It’s a busy day. It’s a high-energy environment, but you know what? There’s only one Pluto flyby.
Clark: How many people will be at APL for the flyby?
Stern: We’ve got about 200 people working on New Horizons at this peak around the flyby. For most of the flight, it was more like 50, but we have around-the-clock mission operations, around-the-clock press operations, around-the-clock navigation operations, around-the-clock science team. We’re expecting about 300 media on the ground at APL and about 1,200 invited guests.
Clark: The last first reconnaissance mission to a planet was in 1989 with Voyager’s Neptune flyby. That was pre-Internet and pre-social media. How might that change the way the public engages with this mission?
Stern: It’s much more participatory this time. That’s one thing. I think it’s going to be much more widespread, and you can already see that. I don’t now how many people will be involved. I think, first of all, there’s more interest in Pluto than there was in the Neptune encounter, and that’s just a fact. Some of that’s got to do with Pluto being the farthest frontier. Even when they flew by Neptune, everybody knew Pluto was farther. Secondly, Pluto has a brand. To different people, it’s different things. It’s scientifically intensely compelling.
For exploration, it’s a milestone in human achievement. It will probably be, for a very long time, the farthest thing that’s ever been explored. I’m talking about a planet. I’m not counting a rock. It’s got the whole churn over what is a planet, and why was Pluto treated badly, and why did the astronomers screw it up? Those kinds of things are all part of the mix that drive interest.
Then we’ve just got this little spacecraft. It’s not Voyager. There’s not two of them. It’s one shot. If it gets hit by a rock, or the software has a bug, or the sequence doesn’t go, or something breaks, it’s one shot. I think that attracts interest. It just has higher stakes. One little spacecraft out there on its own.
Clark: You’ve often said the flyby could help settle the debate over whether Pluto is a planet. You’ve said, when people see it, they’ll think of it as a planet. Here it is. It’s coming into view. What do you think now?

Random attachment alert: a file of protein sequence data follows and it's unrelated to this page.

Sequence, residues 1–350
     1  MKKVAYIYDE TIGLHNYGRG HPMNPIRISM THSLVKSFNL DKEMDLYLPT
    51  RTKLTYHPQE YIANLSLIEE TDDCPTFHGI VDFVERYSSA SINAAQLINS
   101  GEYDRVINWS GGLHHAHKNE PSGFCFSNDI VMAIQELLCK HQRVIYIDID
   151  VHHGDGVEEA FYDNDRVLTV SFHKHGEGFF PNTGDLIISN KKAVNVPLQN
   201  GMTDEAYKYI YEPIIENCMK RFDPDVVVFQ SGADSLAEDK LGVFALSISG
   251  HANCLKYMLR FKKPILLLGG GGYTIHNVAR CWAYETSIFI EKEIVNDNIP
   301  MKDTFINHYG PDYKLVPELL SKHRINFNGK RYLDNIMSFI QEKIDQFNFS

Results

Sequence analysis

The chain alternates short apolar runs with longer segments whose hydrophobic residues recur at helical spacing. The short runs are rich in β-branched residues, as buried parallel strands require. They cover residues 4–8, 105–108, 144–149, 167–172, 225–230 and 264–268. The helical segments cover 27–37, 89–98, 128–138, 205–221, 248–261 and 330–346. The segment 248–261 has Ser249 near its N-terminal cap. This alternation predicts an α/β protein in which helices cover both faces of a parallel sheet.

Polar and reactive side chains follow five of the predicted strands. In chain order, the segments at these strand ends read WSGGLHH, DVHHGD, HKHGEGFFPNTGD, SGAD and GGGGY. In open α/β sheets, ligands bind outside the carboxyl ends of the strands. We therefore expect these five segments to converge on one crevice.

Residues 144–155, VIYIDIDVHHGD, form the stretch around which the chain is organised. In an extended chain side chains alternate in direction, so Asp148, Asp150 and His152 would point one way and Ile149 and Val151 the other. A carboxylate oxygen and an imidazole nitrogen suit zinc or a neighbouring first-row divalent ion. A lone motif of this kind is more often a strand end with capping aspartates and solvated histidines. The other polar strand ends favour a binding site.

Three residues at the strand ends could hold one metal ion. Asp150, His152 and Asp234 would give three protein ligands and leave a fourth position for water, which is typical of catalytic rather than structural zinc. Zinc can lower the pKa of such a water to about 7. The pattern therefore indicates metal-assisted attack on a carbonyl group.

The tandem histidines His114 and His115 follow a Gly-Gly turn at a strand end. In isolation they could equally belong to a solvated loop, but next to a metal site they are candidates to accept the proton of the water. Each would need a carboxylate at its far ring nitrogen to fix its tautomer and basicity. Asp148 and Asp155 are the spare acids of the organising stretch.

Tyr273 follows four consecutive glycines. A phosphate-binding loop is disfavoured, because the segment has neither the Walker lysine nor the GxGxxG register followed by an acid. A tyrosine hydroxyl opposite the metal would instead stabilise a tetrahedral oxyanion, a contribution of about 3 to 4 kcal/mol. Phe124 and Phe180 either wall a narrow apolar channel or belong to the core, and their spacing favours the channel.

Stern: I don’t think the IAU (International Astronomical Union) will ever fold their cards because I believe they don’t understand planetary science. I don’t want to get too much into dirty laundry, but I have no doubt that the IAU will just ignore it. When you look at these pictures (from New Horizons), what word do you call the red thing? What word do you use? It’s not that hard.
The public has the perception — and I get this when I visit schools — people have the impression that Pluto is the size of a freaking Christmas ornament. If you drive around its equator, it’s as far as from Manhattan to Maui. If you look at it, it’s like Star Trek. You turn on the viewfinder, and you know what you’re looking at, whether it’s a planet, it’s a star, it’s an asteroid, or it’s an alien spacecraft. You can figure it out. In the public, I see this happening in social media today. I see it every day, now that people are seeing pictures of a world with moons going around it, and surface features on it, and they don’t know what else to call it.
I don’t think the astronomers will ever catch up. I think they have so badly damaged their own reputation that people are just going to make fun. I think that’s the most likely outcome. Meanwhile, in planetary science, we just call it a planet. We don’t care what the astronomers say. If we started defining galaxies, I would not expect them to really listen to non-experts — to us planetary scientists.
Clark: This image of Pluto and Charon reminds me a lot of the family portrait of the Earth and moon from Galileo.
Stern: You’re making a very good scientific analogy. Pluto and the Earth have the atmospheres, the seasons, the snows, the climate. The moon is dry, and by comparison, Charon is dry. It’s smaller and grayer. It doesn’t have an atmosphere. There are great analogies with the Earth to compare, and they were formed through the same mechanism — a giant impact.